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Rubbish Do-It-Yourself Projects

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Rubbish and DIY would seem to be closley related, as attempts at the latter often produce more of the former.

But in my world, things are the other way round: skips (US: dumpsters) are a source of domestic improvements. This page provides a few examples, from the fancy light fixtures to the scavenger's garden.

Skips are a source of raw materials and finished products ranging from lumber to electronic goods and the proverbial kitchen sink. I've been astounded more than once by the value or utility of things I've found on skips. Then again, some of the stuff I've seen should have been discarded long ago, and one wonders why it wasn't.

However, most of what I retrieve falls somewhere between these two extremes. This includes the Asahi Pentax K1000 with a 135mm lens and a dysfunctional light meter; the two-part aluminum ladder with a broken latch; the 24-inch fly-mo with a broken handle; the turntable missing a drive belt. But some of it is in good or top condition: the hard chairs; the old office furniture; the solid wood cabinets; the power shower and kitchen appliances; the stack of metal picture frames with glass intact; the fully functional Fujica ST605 with 35mm and 50mm lenses; the assortment of computer chassis, monitors, printers, scanners, network devices and other hardware. Some of this is tossed out one bit at a time, and some of it is the result of office relocations, renovations, or system upgrades.

But this page is about transformations from rubbish to objects of aesthetic value.

Retro Flat-Pack Technology Art

If it's not in a museum, and it's not art, it must be waste.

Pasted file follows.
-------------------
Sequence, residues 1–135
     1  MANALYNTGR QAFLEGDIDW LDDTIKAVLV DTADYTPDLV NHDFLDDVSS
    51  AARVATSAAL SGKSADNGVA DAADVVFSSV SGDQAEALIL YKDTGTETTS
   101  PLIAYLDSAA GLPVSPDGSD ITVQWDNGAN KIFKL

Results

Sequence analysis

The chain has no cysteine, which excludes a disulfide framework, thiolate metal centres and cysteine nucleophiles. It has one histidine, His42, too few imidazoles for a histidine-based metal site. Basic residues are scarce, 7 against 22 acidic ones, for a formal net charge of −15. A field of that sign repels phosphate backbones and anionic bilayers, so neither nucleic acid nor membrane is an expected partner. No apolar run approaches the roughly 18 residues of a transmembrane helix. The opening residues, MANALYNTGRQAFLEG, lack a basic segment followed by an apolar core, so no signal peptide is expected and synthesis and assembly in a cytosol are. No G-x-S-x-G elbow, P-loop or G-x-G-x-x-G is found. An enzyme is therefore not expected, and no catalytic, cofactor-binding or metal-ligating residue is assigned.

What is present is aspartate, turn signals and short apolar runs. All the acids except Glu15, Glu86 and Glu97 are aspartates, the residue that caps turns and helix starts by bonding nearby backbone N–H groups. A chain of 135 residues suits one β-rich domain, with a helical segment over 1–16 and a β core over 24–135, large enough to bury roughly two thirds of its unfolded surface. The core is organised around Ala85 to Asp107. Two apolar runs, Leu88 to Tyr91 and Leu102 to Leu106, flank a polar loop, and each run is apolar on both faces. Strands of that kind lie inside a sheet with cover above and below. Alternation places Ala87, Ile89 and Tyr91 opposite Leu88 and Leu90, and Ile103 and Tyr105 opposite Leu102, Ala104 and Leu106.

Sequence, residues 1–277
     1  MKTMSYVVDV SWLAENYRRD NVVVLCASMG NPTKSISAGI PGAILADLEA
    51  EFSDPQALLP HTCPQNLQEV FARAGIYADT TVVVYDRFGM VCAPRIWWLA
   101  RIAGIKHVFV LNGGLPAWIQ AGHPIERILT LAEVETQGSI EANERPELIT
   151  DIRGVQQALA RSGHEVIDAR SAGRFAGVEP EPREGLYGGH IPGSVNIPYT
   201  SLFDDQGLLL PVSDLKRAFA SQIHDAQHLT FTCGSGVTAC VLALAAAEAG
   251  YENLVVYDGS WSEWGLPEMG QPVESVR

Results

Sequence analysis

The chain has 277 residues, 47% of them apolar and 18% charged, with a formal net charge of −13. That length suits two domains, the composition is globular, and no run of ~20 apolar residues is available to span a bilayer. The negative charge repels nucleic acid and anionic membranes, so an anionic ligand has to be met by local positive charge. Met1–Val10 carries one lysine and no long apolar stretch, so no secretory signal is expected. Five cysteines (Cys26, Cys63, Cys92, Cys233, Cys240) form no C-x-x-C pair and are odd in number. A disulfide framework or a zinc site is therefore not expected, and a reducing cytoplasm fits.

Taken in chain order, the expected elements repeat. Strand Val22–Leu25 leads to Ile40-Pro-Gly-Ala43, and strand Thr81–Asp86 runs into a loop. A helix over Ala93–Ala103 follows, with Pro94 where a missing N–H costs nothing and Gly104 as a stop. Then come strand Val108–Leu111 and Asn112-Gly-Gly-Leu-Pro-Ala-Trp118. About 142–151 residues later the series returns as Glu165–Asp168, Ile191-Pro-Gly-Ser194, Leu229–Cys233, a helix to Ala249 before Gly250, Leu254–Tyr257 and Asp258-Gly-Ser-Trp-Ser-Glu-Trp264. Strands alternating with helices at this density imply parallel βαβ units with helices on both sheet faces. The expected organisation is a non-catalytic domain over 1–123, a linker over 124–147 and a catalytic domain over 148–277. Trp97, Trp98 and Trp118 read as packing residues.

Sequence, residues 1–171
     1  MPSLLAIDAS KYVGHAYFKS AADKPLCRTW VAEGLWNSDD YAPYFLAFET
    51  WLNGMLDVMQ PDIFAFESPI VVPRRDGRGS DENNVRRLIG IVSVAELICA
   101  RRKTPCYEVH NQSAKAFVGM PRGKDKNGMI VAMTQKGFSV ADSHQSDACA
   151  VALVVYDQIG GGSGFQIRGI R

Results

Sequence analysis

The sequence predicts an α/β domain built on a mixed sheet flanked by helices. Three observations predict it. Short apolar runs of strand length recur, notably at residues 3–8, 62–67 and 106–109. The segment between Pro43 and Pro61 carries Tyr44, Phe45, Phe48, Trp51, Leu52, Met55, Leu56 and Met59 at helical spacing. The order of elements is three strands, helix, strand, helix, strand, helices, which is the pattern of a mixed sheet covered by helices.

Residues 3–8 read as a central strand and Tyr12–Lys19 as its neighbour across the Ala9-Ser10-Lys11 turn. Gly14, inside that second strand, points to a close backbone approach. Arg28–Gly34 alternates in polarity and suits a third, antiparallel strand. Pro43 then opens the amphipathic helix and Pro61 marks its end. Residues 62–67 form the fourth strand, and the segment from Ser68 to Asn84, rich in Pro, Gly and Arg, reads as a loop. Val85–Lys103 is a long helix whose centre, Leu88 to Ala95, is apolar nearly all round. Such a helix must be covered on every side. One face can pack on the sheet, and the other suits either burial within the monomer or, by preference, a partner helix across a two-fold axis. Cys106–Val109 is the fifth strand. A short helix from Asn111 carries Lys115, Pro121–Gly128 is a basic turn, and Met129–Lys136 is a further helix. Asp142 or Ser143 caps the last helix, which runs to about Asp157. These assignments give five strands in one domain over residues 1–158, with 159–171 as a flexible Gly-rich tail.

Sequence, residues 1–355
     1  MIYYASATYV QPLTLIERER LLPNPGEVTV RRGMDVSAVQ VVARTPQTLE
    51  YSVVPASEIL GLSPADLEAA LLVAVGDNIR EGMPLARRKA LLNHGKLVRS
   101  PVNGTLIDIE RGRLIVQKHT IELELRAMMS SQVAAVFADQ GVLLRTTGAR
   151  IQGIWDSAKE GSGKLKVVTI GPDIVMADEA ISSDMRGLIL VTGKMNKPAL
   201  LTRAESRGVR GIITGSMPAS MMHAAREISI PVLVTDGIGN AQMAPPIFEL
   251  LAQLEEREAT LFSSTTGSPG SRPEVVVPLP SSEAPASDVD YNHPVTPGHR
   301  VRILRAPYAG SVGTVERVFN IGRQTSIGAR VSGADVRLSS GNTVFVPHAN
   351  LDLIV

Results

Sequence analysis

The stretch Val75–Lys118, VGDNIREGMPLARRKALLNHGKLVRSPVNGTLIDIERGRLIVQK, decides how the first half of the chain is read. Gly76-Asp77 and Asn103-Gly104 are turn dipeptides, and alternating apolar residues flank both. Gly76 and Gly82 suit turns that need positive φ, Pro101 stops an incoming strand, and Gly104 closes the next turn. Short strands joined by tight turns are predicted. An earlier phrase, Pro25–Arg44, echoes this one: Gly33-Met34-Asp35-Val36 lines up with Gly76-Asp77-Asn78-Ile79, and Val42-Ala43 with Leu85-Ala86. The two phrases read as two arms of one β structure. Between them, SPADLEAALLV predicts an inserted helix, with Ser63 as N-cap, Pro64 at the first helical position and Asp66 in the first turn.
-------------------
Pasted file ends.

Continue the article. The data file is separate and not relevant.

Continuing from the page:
Lefebvre writes about waste as the necessary expenditure of energy; energy that explodes inwardly or outwardly; energy that must be spent. This energy always does work, the work of excess, the creation of more than necessary, the production of redundancy. This energy is more or less durable. Some of it gets consumed and re-released or spent almost immediately, as plant growth on derelict sites, for example. Other bits hang around, are slower to release their bound-up capacity. These things decay slowly, and can have extended relict states.

It's a container of sorts. It's a box that's not a box. It's an energy matrix. It's a retro technology made from bona fide stuff I found. I pulled up the carpet in the bathroom, and underneath the carpet was a linoleum floor. Isohedrons of variously colored tile were assembled precisely and adhered to a jute or sisal mat. It must have been made in the days before the foam-backed plastic that now comes in giant rolls. It may even have been hand-assembled. It's an obsolete product made with obsolete technology. It's durable excess. 

Hand assembly is the aesthetic here. Minimal work, mechanically simple. I could have duct-taped the joints together, but liked the idea of binding the edges, keeping it simple, keeping the materials exposed. While looking around for wire, string, zip ties, thread, I spotted a bunch of rubber bands that I had collected off the sidewalk, where they'd been dropped by a mail carrier. I liked the idea of using two plasticky products, latex and rubber (or something like that), and the idea of a stretchy, flexible shape. Something that might even be a retro flat-pack product.

It's a container for obsolete technology. It's a diskette holder. You can fill it with junk. It comes with free internal dividers. You can repair it if the rubber bands break. You can flat-pack it for shipping. You can throw it away, give it away, turn it into something else. You can let the mice move in. It's a birdhouse. It's a boat.

It's a distorted image of the past.